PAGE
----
Now, coming back home, I also find it strange that we have also allowed ourselves to play with institutions such as the Central Bank, the judiciary, the military, the police service, anti-corruption institutions such as the DCEO and the Parliament of Lesotho.

Look at the circus in our Parliament. What about the national reforms?
At some point or the other, one or two individuals, that are totally not deserving of the highest position in any of those institutions will be appointed through political means. They became political appointees to further the interests of politicians. Look at the incompetence that was in the Central Bank.

What about the mess that happened in the judiciary pre-Justice Sakoane?
Why do we play with such sensitive matters such as the judiciary? The judiciary? I mean, why isn’t the filing system not digitised up to this point? Let me rephrase the question: Why are sensitive files in our judiciary not digitised?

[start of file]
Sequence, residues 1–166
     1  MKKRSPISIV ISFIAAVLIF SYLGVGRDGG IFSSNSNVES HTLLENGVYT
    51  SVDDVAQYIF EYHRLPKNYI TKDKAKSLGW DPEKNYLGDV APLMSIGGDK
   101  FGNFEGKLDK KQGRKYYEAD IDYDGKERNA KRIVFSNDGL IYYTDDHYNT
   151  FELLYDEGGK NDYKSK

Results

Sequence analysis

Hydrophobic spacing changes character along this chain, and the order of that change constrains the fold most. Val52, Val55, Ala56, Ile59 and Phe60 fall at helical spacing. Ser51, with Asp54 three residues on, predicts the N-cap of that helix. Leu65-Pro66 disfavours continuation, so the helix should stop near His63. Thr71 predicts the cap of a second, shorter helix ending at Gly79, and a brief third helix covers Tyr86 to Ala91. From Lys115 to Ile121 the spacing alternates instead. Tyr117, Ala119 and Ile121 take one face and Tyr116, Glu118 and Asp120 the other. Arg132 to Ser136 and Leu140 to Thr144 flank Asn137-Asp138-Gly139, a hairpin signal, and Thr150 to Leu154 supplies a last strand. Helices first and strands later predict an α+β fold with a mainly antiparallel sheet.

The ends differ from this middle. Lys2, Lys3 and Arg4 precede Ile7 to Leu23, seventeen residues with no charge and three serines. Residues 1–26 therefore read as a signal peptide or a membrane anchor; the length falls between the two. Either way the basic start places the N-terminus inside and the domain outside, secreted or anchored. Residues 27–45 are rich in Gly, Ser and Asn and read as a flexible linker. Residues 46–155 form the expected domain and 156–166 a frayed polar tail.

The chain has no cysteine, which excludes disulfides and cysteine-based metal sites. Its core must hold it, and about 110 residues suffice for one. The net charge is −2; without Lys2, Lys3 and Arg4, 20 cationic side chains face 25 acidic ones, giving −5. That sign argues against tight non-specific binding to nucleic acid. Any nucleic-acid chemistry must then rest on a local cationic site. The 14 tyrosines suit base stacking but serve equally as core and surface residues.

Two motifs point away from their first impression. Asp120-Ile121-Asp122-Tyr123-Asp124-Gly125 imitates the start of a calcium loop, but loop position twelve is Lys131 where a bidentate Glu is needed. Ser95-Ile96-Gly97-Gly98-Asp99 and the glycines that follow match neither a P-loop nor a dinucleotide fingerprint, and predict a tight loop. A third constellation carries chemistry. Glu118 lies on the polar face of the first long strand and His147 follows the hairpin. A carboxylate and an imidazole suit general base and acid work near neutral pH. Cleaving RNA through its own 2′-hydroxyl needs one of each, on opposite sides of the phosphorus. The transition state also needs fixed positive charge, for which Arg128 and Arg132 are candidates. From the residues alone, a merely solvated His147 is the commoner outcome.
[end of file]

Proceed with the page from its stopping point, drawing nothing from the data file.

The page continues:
Why do we still hear of a phenomenon named, ‘ho rutla maqhephe’ still happening in 2022? It is because, we play with sensitive matters.

History further tells us that certain functions within public works, roads and transport. Water and electricity were still under the guard of the British administration, post independence.

Ba ne ba re tseba hore re maonatso. They were just short of saying to us, “Hela lona likoata. Hase moo ho bapalloang mona. ” What happened? Need I say more? Look at the condition of our roads.

I mean those institutions (public works, roads, electricity) are on top of the list of institutions paralysed by corruption. But because we are a corrupt nation at heart, we’ll continue to reward incompetent people in key positions and institutions as a form of reward for their loyalty. What kind of Lesotho are future generations going to inherit? Do we ever think of that? How will history judge us a generation?